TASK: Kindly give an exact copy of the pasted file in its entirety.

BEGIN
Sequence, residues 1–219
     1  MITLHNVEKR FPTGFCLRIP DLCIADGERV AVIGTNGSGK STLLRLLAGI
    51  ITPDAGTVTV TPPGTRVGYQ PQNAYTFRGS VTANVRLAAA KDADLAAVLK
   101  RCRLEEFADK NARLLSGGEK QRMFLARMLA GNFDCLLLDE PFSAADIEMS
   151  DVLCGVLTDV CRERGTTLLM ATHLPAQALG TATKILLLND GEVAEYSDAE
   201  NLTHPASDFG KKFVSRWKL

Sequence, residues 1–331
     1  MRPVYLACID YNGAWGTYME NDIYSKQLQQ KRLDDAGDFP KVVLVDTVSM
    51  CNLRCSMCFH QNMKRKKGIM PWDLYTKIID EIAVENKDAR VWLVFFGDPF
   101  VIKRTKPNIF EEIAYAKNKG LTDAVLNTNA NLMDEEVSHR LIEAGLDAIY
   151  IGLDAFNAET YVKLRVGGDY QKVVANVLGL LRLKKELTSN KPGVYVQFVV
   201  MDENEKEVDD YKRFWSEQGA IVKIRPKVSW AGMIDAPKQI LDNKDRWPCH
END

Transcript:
Sequence, residues 1–219
     1  MITLHNVEKR FPTGFCLRIP DLCIADGERV AVIGTNGSGK STLLRLLAGI
    51  ITPDAGTVTV TPPGTRVGYQ PQNAYTFRGS VTANVRLAAA KDADLAAVLK
   101  RCRLEEFADK NARLLSGGEK QRMFLARMLA GNFDCLLLDE PFSAADIEMS
   151  DVLCGVLTDV CRERGTTLLM ATHLPAQALG TATKILLLND GEVAEYSDAE
   201  NLTHPASDFG KKFVSRWKL

Sequence, residues 1–331
     1  MRPVYLACID YNGAWGTYME NDIYSKQLQQ KRLDDAGDFP KVVLVDTVSM
    51  CNLRCSMCFH QNMKRKKGIM PWDLYTKIID EIAVENKDAR VWLVFFGDPF
   101  VIKRTKPNIF EEIAYAKNKG LTDAVLNTNA NLMDEEVSHR LIEAGLDAIY
   151  IGLDAFNAET YVKLRVGGDY QKVVANVLGL LRLKKELTSN KPGVYVQFVV
   201  MDENEKEVDD YKRFWSEQGA IVKIRPKVSW AGMIDAPKQI LDNKDRWPCH